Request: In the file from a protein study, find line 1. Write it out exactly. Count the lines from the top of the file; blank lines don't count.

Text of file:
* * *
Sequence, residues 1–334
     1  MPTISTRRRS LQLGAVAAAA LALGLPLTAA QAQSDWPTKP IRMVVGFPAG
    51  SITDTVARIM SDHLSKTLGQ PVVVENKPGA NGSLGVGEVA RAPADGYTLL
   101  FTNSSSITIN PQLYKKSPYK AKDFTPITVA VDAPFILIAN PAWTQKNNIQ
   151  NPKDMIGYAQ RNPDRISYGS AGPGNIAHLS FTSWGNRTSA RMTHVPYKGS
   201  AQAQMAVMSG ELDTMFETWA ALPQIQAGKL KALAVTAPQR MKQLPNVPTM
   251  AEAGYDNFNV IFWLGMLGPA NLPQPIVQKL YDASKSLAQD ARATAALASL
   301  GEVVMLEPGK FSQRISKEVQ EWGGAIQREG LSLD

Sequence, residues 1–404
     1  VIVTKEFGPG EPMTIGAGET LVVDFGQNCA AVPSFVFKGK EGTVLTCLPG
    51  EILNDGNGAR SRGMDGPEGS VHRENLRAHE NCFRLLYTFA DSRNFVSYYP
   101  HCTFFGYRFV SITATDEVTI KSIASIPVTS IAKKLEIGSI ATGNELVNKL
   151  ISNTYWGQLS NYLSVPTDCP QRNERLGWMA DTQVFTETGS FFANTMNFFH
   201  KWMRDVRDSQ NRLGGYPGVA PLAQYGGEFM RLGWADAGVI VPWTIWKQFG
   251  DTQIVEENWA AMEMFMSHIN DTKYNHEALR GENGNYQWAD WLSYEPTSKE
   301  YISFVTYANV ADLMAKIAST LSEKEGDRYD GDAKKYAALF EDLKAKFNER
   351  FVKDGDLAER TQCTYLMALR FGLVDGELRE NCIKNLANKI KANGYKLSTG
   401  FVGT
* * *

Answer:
Sequence, residues 1–334